NOTE: The 3/4” round tubing die is used to make the corner radius for both the 30” square tables and the 30”x 42” rectangular tables. If they are scaled up or down in size, then a different die size will have to be used to make the perimeter frame in order to match the radius of each corner of the plasma cut artwork.
Next, rotate the bending handle counterclockwise all the way to the back position and remove the part. Check the bent part with a framing square to make sure the bend is somewhere near 90 degrees after being formed. If it needs a little more or less bend angle, adjust the Lock-N-Stop Gauge slightly before making the next bend on the remaining parts. Don’t try to reset the gauge by re-bending the first part you formed. This is because the bent part will not bend the same the second time it’s inserted into the bender. If the finished bends are only slightly off of 90 degrees, usually they can be pulled into place and clamped to the artwork for welding without a problem.
Step #7 Lay the plasma cut artwork on the welding table with the side that was facing up in the cutting machine now face down. Lay two of the pieces, you just bent, on the table up against the outside edge of the artwork as shown below. One of the pieces will overlap the other one. With both of the pieces tight against the artwork, on both the right and left side, put a chalk mark at the joint as seen at the bottom of this page.
Step #8 Once the piece with the chalk mark on it has been trimmed off, fit the two pieces back together tight against the table top. Tack weld the two bent pieces together, but not to the table top. Use a couple of C vise grips to clamp the material tight against the top, on three sides, when you tack weld the ends together. Next, add the third bent piece to the next corner. Mark and trim the overlap the same as you did on the first two bent pieces. Repeat the process on the last corner. When you’re done you will have completed the perimeter frame less the finished welding. Next, tip up the frame and clamp it down on one of its four individual sides for final welding and sanding as seen in the bottom photo. One at a time, weld, grind, and sand all four sides of the frame both inside and out.
NOTE: You can space the artwork up from the table and weld the four parts to each other and the artwork without removing the frame. However, it is easier to grind the frame smooth if it’s removed.
Step #9 Once the frame joints have all been welded and ground smooth, the table top can be slid back into the frame and spaced off of the welding table with a dozen or so 3/8 inch standard nuts as shown below. This will give you the right spacing on the opposite side so that 1/4” glass (tempered if possible) will set slightly below the top surface of the perimeter frame.
Be sure the frame is down tight against the welding table and is clamped tight against the table top artwork all the way around. Next, place three welds, about a half inch long, along all four sides of the inside of the perimeter frame as seen below.
Once you’ve finished welding the perimeter frame to the artwork and you flip it right side up for examination, it should look like this.
çStep #10 When you’ve completed the top shown above, and have flipped it back over with the top side facing the table, you will be ready to weld the base of your choice to the underside of the table as shown on the opposite page. In the case of this elephant table, we decided to use the base design seen below. Instructions for making the various bases start on page 68.
These two base assemblies are welded square with the table and recessed about 1/4 of an inch down from the bottom edge of the perimeter frame. They are welded 5” in from each end of the frame. You will need to place removeable blocking under the leg bases to hold them up for welding in position. It’s also helpful to clamp a couple of bars across the bottom of the two legs in order to keep them parallel with each other as well as square with the table while you’re welding them in place.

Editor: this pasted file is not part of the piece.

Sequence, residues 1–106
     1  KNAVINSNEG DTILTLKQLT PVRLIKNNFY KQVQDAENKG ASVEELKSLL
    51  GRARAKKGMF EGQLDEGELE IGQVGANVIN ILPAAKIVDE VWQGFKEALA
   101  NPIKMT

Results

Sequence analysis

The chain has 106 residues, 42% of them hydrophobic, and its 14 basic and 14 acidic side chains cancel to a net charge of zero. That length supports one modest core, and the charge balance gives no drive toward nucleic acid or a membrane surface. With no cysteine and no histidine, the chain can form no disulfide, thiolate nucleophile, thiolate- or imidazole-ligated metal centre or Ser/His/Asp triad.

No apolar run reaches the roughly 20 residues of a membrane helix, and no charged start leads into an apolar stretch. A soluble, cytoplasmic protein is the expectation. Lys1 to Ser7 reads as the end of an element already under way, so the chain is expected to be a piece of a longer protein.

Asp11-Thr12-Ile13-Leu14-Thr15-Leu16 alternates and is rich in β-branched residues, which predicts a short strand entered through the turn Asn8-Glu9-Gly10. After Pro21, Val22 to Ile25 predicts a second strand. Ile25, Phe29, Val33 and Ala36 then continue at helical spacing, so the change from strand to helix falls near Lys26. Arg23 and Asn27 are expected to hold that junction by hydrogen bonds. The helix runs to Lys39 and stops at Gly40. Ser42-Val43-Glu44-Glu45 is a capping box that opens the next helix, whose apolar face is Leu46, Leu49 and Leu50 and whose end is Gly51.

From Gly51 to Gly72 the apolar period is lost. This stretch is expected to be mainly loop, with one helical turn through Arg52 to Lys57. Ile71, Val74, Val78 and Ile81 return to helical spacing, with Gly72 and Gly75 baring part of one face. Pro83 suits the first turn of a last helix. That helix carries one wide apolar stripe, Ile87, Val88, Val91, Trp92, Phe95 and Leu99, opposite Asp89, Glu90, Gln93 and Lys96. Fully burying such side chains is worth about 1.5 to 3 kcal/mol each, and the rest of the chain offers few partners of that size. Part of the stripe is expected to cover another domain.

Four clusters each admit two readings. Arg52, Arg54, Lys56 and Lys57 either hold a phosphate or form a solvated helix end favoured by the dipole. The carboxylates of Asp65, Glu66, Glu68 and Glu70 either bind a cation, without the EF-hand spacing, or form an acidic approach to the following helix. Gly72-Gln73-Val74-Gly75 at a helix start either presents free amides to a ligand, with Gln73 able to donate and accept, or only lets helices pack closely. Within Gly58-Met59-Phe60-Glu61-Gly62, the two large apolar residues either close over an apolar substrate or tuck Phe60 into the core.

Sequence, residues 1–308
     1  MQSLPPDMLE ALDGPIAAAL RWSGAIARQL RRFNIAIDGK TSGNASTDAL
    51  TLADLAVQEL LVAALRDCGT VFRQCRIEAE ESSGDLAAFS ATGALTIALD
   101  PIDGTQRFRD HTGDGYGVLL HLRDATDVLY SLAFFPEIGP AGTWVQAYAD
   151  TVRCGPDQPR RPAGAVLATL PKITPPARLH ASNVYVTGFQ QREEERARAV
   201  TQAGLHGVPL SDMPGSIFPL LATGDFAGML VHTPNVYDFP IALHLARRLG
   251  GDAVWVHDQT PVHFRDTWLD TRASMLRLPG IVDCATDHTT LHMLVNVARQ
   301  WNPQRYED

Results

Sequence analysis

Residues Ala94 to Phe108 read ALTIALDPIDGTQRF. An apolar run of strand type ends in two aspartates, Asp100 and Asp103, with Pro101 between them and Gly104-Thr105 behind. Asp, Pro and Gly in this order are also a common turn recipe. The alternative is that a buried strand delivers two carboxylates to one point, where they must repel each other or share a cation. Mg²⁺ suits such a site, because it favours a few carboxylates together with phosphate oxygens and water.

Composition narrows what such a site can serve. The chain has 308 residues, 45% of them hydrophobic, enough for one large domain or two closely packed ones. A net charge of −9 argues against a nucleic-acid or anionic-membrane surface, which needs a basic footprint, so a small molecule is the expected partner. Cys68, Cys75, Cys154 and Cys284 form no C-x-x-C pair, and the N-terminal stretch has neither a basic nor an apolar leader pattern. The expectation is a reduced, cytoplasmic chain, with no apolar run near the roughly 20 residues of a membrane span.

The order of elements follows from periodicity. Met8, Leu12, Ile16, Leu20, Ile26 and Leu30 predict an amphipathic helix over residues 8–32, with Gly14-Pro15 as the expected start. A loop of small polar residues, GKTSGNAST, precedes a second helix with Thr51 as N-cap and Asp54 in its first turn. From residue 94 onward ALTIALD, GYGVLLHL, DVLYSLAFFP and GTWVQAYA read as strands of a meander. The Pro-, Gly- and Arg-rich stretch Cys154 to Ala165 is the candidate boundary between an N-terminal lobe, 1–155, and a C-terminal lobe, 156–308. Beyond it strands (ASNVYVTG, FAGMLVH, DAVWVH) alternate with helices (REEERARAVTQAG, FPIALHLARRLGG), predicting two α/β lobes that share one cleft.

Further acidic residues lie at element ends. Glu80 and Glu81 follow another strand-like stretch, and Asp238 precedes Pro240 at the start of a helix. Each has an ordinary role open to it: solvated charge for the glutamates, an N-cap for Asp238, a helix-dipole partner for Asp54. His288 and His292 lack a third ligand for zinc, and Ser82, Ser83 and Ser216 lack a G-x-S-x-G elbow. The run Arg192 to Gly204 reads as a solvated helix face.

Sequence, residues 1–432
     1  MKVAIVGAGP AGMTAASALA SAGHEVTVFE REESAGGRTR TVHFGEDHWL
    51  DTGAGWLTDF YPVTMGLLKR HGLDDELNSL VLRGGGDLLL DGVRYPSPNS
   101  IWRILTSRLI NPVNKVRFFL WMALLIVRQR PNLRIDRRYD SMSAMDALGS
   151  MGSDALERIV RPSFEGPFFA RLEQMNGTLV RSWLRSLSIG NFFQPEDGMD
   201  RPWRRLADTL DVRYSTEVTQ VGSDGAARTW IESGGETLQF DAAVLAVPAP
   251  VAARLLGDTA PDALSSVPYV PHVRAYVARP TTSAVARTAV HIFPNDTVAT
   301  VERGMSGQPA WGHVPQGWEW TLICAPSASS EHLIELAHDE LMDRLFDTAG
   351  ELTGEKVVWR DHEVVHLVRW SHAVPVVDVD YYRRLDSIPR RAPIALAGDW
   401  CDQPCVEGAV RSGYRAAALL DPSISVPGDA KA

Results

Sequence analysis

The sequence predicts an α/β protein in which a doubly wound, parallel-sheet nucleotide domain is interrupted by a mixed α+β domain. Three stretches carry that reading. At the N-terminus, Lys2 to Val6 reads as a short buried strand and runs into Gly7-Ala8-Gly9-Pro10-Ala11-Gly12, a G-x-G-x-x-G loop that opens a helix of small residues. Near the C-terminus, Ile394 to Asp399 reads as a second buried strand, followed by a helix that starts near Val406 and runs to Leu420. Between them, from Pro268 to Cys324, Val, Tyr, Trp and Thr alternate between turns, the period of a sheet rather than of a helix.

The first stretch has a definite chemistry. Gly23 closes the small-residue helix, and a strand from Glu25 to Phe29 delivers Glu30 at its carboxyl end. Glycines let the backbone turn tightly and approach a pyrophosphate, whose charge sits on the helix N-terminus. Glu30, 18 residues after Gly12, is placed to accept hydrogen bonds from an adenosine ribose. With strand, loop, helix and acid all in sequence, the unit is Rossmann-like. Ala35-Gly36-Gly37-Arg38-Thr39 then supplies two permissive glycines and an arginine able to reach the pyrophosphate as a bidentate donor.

These tables can be made to look quite different from each other, depending on which base assembly you decide to use with it, as seen on pages 14 thru 19. You may even want to come up with one of your own base designs. Adding ornamental formed scrolls as part of the base can also give the table a nice look. Care should be taken to not make the bases look busy by adding too many scrolls. When scrolls are used in the bases they should enhance the artwork in the tops, which are the main focus, but not detract from them.
Step #2 Place one of the pieces into the #338 Pedestal Ring Roller until it protrudes just past the center of the roller. With the Lock Handle loosened and the Jack Valve tightened, crank the Jack Handle until the Gauge Mark is on #4& 3/4. This will put a kink in the end of the part which will be cut off later. Tighten the Lock Handle. Roll the material through the roller as seen on the next page. Roll the remaining (3) pieces of flat stock following the same sequence of actions as was done on the first rolled leg.
Step #1 Make (4) Arched Curl Legs as per the instructions that are shown on pages 144 thru 149.
Step #2 Cut (2) pieces of 1/4”x 2” hot rolled flat stock 35” long and sand both ends, removing any sharp edges. Place one of them in the #338 Pedestal Ring Roller with one end protruding slightly past the center of the bottom right Idler Roller. With the Jack Valve tightened, crank the Jack Handle until the gauge mark is on 4&1/4. This will put a kink in the end of the part that will be trimmed off later. Roll the part all the way through the roller. Loosen the Jack Valve and lower the Roller Carriage.NOTE: It’s not necessary to tighten the Lock Handle each time material of this thickness or lighter is rolled through the machine. The Lock handle is used more for square tubing or heavy bar stock where there is a lot of back pressure on the jack. Repeat the rolling process with the other piece.